Audio quality was fine, with dialogue that appeared concise and natural. Music showed pretty good range, while effects became accurate enough, though they didn’t stand out with much dimensionality. The soundtrack appeared decent but unexceptional.

A mix of extras spread across the DVDs, and for Season One, we get two components. Drunk Outtakes: Chris Romano runs seven minutes, 12 seconds and gives us extra footage from S1’s fourth episode, “Boston”.

Unlike the “re-enacted” bits on the main show, here we just see Romano as he rambles drunkenly. It’s not interesting without the series’ context.

Also from the “Boston” episode, Sober Reveal: Jen Kirkman goes for 13 minutes, 26 seconds. It offers a form of commentary, as a sober Kirkman watches her segment and reflects on it alongside host Derek Waters.

Sort of. Kirkman tends to giggle a lot, so we don’t get a ton of info. It’s a good concept to see how the participants view their drunk selves, but this clip doesn’t really work.

For Season Two, Disc One comes with five bonus segments. These offer cut footage for each of the DVD’s episodes and span a total of one hour, three minutes, 23 seconds. Disc Two’s five sections go for a total of one hour, 12 minutes, 53 seconds.

Across these, we get a mix of outtakes, deleted scenes, “sober reveals” and extended clips. That’s a lot of leftovers, and some can entertain. However, we find a lot of not-so-great material along the way, so it can turn into a chore to work through them.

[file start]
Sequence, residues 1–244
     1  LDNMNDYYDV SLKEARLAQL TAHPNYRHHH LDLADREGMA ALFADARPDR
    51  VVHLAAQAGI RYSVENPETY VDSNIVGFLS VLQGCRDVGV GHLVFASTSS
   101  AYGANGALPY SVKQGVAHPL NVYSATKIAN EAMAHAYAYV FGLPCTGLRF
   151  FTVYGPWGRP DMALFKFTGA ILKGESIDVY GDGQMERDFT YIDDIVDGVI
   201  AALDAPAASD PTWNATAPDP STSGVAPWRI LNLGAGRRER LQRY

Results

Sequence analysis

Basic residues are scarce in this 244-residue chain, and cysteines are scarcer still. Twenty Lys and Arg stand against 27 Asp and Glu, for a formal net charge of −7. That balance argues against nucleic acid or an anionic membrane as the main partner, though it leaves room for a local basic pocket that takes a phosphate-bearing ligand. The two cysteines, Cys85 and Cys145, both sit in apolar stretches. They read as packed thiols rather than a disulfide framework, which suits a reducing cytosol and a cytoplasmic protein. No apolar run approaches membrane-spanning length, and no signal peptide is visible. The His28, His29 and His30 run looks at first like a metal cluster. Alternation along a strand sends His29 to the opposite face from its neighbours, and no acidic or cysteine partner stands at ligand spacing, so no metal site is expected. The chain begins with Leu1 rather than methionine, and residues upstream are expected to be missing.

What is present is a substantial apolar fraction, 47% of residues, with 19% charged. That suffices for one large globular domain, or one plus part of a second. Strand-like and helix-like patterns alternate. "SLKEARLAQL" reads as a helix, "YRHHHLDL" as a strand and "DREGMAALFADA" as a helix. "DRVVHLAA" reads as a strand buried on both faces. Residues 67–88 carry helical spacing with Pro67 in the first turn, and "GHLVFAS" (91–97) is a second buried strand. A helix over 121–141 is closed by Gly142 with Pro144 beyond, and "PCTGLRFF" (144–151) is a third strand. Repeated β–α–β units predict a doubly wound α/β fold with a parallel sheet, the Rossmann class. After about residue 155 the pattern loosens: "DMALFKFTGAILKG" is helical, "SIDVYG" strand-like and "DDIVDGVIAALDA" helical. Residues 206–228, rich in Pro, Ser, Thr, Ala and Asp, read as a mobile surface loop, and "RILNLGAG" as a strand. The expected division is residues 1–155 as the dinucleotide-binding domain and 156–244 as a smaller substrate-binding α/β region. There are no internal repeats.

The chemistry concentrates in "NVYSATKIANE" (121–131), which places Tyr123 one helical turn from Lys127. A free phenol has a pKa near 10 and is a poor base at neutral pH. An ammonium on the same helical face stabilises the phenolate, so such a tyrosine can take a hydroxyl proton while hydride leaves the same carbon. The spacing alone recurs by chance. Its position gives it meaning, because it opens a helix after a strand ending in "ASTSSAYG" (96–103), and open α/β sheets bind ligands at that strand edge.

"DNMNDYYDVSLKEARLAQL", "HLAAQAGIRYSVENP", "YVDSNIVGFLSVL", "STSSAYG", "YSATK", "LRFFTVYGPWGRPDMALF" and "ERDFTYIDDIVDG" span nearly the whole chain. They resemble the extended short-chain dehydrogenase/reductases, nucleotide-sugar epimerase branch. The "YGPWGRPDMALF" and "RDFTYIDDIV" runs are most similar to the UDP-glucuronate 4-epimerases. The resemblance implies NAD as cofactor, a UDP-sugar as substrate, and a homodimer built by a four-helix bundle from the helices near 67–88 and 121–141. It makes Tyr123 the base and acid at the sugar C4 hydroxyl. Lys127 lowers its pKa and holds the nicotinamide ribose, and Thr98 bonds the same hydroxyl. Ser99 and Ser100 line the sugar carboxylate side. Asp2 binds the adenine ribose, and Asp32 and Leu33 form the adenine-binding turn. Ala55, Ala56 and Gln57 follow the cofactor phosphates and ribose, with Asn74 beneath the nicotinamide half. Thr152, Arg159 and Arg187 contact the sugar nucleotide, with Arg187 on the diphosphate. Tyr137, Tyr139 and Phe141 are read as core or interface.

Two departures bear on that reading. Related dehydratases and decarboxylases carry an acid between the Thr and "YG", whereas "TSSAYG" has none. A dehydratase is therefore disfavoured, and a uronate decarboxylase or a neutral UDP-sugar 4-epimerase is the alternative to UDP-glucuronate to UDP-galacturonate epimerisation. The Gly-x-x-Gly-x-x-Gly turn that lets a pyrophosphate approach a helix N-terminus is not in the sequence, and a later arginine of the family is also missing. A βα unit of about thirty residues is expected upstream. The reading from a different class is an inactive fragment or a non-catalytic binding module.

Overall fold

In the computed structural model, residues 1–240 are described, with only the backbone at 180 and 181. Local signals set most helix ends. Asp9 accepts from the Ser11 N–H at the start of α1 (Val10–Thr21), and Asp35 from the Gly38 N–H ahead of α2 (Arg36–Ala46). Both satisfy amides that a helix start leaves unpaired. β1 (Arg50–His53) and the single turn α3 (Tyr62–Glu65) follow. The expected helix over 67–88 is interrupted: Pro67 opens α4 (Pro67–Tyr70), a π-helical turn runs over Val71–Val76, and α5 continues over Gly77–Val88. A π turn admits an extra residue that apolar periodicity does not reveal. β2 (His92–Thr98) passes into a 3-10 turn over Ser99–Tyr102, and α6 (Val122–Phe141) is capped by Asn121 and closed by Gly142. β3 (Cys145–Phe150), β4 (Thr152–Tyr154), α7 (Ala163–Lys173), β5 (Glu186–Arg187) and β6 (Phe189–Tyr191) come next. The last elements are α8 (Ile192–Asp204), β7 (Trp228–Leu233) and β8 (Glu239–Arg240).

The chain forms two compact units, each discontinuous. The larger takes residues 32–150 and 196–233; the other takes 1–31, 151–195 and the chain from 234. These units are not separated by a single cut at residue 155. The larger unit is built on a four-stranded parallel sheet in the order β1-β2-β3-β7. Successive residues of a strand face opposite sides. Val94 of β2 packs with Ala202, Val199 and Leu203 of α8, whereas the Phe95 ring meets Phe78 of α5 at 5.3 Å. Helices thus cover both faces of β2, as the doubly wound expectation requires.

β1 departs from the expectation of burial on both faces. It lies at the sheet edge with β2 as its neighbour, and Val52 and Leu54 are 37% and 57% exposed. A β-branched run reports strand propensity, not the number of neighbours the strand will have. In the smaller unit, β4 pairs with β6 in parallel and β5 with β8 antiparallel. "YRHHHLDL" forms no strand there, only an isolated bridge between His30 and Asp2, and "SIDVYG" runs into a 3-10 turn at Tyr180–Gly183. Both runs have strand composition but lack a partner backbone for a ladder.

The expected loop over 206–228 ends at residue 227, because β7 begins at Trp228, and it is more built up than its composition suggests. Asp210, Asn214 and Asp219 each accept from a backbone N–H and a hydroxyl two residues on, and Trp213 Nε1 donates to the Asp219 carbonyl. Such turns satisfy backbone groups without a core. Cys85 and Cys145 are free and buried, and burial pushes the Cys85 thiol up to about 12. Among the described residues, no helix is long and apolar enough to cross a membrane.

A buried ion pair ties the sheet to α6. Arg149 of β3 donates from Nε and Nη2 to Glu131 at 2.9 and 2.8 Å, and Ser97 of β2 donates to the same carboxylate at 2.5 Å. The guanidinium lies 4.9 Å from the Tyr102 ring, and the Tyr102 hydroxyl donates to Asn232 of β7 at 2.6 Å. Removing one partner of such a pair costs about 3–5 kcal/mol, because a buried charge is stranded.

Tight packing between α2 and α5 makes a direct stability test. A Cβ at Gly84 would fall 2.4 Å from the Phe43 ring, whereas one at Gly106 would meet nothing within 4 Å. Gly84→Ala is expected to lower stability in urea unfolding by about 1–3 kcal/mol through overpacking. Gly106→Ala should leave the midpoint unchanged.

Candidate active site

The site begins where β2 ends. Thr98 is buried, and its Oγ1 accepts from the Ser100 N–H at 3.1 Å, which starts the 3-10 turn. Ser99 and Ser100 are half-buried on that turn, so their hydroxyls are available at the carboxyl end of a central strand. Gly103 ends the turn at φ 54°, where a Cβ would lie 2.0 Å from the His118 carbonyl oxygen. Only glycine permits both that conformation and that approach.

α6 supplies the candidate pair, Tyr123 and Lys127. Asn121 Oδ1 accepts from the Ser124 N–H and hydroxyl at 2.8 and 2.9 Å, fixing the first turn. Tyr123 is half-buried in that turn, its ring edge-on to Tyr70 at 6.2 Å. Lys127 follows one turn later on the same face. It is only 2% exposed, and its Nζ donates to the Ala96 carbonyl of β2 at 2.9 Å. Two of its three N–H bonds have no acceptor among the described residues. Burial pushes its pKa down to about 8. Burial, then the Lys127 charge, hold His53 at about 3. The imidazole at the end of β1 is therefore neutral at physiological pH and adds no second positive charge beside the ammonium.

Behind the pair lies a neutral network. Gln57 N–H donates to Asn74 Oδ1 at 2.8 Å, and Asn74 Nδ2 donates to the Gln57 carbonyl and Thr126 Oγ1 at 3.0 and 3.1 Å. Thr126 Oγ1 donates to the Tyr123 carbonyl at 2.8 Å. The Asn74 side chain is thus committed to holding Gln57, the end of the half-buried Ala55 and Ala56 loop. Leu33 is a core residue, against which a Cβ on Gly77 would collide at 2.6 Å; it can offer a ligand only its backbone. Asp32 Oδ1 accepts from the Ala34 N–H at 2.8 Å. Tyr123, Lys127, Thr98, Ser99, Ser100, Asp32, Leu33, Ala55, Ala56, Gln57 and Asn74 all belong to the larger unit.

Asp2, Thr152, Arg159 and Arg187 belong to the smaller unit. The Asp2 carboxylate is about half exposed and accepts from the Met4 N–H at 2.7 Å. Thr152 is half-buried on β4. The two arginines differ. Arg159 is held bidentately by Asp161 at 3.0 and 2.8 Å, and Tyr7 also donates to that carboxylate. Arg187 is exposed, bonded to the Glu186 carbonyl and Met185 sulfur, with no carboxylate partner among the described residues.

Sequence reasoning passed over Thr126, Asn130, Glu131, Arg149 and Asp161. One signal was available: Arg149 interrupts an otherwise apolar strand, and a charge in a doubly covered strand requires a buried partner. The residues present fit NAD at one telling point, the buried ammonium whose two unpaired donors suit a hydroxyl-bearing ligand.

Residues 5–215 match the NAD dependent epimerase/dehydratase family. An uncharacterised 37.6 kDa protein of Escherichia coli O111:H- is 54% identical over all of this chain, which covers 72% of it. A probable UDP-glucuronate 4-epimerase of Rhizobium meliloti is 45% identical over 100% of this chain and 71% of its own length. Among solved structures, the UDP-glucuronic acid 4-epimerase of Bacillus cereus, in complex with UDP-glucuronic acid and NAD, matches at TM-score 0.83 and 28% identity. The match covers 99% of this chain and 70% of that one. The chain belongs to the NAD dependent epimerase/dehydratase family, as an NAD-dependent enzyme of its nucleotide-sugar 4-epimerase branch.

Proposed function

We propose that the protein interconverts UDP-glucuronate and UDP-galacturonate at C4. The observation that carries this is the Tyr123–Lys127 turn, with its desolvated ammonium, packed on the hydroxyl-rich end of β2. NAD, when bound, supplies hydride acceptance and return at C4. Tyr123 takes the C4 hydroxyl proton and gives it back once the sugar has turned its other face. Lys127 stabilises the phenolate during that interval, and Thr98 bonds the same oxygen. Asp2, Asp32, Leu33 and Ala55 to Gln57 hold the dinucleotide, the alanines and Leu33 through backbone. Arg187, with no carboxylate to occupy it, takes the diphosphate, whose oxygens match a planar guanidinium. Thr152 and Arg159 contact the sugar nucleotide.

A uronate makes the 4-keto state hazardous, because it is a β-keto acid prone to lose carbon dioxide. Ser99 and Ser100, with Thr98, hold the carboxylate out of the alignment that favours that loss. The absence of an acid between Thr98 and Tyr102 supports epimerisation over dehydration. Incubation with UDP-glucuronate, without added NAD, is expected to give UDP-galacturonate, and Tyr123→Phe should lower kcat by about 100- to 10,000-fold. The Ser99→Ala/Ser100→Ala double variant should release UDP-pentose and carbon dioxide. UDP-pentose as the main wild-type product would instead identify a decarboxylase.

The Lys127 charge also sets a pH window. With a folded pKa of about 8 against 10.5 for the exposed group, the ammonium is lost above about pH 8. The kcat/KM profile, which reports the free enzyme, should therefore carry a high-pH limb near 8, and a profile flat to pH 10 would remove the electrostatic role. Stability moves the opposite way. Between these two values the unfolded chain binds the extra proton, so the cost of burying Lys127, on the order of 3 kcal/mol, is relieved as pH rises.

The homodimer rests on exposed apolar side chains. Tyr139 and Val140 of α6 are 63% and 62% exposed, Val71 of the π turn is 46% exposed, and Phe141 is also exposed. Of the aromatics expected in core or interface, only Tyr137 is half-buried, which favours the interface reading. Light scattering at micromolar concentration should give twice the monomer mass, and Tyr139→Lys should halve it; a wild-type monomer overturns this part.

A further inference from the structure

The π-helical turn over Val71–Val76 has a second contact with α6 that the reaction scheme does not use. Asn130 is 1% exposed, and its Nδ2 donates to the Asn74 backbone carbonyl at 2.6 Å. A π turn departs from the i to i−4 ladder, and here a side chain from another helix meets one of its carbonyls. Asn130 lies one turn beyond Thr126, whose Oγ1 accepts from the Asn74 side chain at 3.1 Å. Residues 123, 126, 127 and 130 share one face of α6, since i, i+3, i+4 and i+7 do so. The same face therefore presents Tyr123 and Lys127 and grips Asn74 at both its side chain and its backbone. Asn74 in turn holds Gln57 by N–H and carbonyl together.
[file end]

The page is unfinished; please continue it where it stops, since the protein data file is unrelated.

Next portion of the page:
Similar content appears on Season Three Disc Two, where we get 46 minutes, 23 seconds of bonus clips. Expect another mix of fun clips and not too interesting bits.

For Season Four, we get an Election Special. It goes for 21 minutes, 21 seconds and acts like a normal episode of Drunk History, but it covers US politics and ran on Election Day 2016. It provides some entertainment value.

S4 also brings 11 Extended and Deleted Scenes. These occupy a total of 22 minutes, 43 seconds. As usual, they vary in quality but they add some good clips.

No extras appear for Seasons Five or Six, though it should be noted that S5 included a Christmas special that simply shows up as a regular episode on S5 Disc One.

As comedy, Drunk History seems erratic. As education, the series works surprisingly well, so I approve of it overall. The DVDs offer decent picture and audio as well as a collection of bonus materials. When taken in small doses, the series entertains.

Viewer Film Ratings: 3 Stars Number of Votes: 2
2 3:
View Averages for all rated titles.